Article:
Robert Seth Hayes, a former Black Panther and founding member of the Black Liberation Army, has died at the age of 72, Democracy Now reports.

Hayes was sentenced to prison in 1973 for the shooting of New York Transit police officer Sidney Thompson. Reports vary as to what exactly happened that resulted in the officers death, but Hayes vehemently denied any participation. Still, he was convicted and sentenced to 25 years to life. In 2018, he was finally paroled after 10 failed attempts despite having a clean disciplinary record in prison.

Many believed that the parole denials were in direct response to Hayes' Black Panther involvement. 

Hayes' political anti-government activism was, ironically, spawned by his military service. The son of postal workers, the New York native was drafted into the Vietnam War. Hayes was wounded and awarded a variety of military awards that included the Purple Heart, the National Defense Service Medal and the Vietnam Service Medal. But he found his consciousness change as the growing fight for civil rights was often met with government resistance.  

After Dr. Martin Luther King Jr.'s assassination in 1968, Hayes’ troop was ordered to patrol city streets with fixed bayonets and threaten any potential rioters and community members.

“It was the saddest day of my life,” Hayes recalled. “And I could never identify again with the aims of the armed forces or the government.”

After his military service, Hayes was compelled to engage in programs he felt benefited the Black American community and focused on Black liberation. The Black Panther Party's free medical clinics and free breakfast programs aligned with those ideals. Once the Black Panther Party's numbers began to decrease, due in large part by FBI efforts to disband the organization, the Black Liberation Army was created as an underground means of dissension. 

Hayes continued his involvement in community service even while jailed, working as a librarian, pre release advisor and AIDS councilor. When he was diagnosed with Hepatitis C and adult onset Diabetes in 2000 he frequently stated he was not receiving proper health care in prison and appealed to be paroled to live out his last years in freedom.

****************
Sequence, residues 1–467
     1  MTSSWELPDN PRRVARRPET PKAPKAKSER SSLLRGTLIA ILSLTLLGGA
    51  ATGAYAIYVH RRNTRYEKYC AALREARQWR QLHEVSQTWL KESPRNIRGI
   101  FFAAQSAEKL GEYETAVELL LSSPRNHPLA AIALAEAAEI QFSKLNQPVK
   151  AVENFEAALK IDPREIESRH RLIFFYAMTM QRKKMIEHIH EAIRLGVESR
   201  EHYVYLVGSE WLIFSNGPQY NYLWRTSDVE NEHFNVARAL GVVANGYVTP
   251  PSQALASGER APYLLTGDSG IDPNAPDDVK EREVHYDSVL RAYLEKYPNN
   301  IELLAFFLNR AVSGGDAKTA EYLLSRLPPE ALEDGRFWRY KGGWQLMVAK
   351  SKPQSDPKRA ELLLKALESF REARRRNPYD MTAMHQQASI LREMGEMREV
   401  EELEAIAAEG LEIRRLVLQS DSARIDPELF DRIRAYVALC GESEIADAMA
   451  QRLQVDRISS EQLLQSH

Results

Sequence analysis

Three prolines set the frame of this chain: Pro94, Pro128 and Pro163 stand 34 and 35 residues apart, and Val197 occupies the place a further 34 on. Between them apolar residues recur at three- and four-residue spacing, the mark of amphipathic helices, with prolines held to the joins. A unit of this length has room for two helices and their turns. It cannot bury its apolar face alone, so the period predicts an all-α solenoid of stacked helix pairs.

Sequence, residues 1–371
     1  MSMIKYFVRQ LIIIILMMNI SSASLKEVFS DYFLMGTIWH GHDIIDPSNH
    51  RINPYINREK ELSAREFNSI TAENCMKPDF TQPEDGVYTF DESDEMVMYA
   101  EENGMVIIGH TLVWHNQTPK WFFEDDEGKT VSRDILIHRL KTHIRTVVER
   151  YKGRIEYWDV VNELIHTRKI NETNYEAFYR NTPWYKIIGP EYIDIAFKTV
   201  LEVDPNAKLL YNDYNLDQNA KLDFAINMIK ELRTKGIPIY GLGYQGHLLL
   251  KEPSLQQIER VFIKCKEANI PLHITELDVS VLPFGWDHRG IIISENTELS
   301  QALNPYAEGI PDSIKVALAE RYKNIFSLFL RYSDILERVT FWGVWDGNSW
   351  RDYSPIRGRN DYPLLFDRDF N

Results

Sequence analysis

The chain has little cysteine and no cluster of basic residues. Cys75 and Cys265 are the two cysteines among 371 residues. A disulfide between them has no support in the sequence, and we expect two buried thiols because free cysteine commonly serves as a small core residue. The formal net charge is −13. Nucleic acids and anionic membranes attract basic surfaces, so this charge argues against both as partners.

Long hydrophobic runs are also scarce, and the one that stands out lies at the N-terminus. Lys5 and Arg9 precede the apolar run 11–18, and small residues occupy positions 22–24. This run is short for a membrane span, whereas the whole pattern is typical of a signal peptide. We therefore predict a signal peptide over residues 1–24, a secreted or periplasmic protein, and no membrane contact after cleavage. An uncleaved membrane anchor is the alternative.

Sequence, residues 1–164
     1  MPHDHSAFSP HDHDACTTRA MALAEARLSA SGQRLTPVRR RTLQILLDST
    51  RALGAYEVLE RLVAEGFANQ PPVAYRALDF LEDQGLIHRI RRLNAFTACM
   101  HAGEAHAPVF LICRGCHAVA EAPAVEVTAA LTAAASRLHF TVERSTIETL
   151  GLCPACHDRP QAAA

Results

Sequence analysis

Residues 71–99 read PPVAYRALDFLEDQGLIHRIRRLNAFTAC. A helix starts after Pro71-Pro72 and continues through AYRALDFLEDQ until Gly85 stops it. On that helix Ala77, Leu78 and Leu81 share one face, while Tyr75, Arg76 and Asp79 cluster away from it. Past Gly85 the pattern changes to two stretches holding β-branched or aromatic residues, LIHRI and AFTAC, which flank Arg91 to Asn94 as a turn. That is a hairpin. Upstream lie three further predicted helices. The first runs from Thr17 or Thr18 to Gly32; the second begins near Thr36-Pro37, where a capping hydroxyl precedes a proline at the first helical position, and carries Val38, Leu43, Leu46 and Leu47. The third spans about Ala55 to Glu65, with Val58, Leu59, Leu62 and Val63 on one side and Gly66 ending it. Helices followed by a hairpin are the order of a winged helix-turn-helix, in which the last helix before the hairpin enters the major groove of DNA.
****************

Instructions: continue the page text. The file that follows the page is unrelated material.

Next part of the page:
“I just want to do good,” Hayes told The New York Post while seeking parole. “I promise repentance.”

Thompson's family were vocally against Hayes release. 

“He’s saying he’s sorry? That’s hard to believe,” said Steven Thompson, who was six years old when his father Sidney was slain.

Police associations across the country also voiced their frustration and disapproval. 

“It is a travesty that yet another murderer who killed a member of law enforcement in cold blood will be turned loose on the streets to reintegrate with the public, whom his victim gave his life to protect,” said Michael Powers, president of the New York State Correctional Officers and Police Benevolent Association.

“If Gov. Cuomo truly is serious about criminal justice reform, he must start by fixing a broken parole system that would allow such a sinister killer to go free,” Powers said about the then New York governor.

Hayes also went on record to commend the nonviolent protest that Colin Kaepernick made famous. Indicating that even though he had some regrets with his execution, he never regretted using his voice for community advancement. 

“It’s not a violent way, but a boisterous way,” he said. “Had I thought about it, I would have made better decisions."

Hayes was considered by many to be a political prisoner.

His case and legal conviction mirrored many Black civil rights activists' wrongful or suspicious convictions that were prevalent in the 1960s and 1970s. Fellow Black Liberation Army (BLA) member Assata Shakur's circumstances are strikingly similar. In May of 1973, Shakur and two other BLA members were pulled over by New Jersey state troopers for an alleged faulty tail light. What happened next found one BLA member and one trooper killed. Another trooper, along with Shakur, were wounded at the scene. Shakur was convicted on one murder charge and sentenced to life in prison but escaped prison and famously resurfaced in Cuba after Fidel Castro granted her amnesty. Even in his last years, Hayes believed in community. 

“My mother taught me to visualize family universally, not individually," Hayes wrote.